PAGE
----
Between Green River, Utah, and the eastern edge of the Wasatch Plateau, 70 miles to the west, Interstate 70 crosses a broad ridge, adorned with spectacular rock formations. This topographic dome, up to 40 miles east-west and 100 miles north-south, is known as the San Rafael Swell.
At the onset of the Eocene Period, almost 60 million years ago, this region was characterized by flat terrain, a subsurface layer cake of Paleozoic and Mesozoic sediments overlying the deep, Precambrian basement. At the surface, early Tertiary deposits lay on successively older rock layers (from top to bottom: Cretaceous, Jurassic, Triassic, Permian and older Paleozoic sediments). Then, during the Eocene, the Precambrian basement folded upward as a broad dome, lifting the overlying layers of rock which have since eroded into the formations that we see today; resistant sandstones and limestones form ridges, domes and pinnacles, separated by valleys of softer shale and mudstone.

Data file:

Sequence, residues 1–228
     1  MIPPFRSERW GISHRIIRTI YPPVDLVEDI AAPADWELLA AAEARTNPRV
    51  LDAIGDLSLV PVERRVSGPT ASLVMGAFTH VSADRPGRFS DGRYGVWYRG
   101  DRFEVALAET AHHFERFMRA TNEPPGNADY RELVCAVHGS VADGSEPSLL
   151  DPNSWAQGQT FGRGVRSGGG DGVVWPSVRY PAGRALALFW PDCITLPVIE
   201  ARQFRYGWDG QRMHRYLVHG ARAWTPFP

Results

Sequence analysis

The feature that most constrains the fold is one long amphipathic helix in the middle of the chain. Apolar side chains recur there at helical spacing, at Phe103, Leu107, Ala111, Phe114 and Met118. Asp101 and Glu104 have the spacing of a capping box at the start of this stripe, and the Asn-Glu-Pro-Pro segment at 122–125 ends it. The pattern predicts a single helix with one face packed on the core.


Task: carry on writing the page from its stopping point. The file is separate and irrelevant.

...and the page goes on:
Atop the Swell, the Tertiary and Mesozoic layers have been stripped away by erosion, leaving a landscape of Permian sandstone; to either side, the traveller passes through successively younger rock formations as he descends from the crest of the dome to the valleys of the San Rafael River (east) and Muddy Creek (west). Prominent hogbacks (reefs) of Dakota Sandstone, Cretaceous in age, rise along the outer edge of the Swell. By crossing the San Rafael Swell on I-70, we pass through almost 200 million years of geologic history....twice.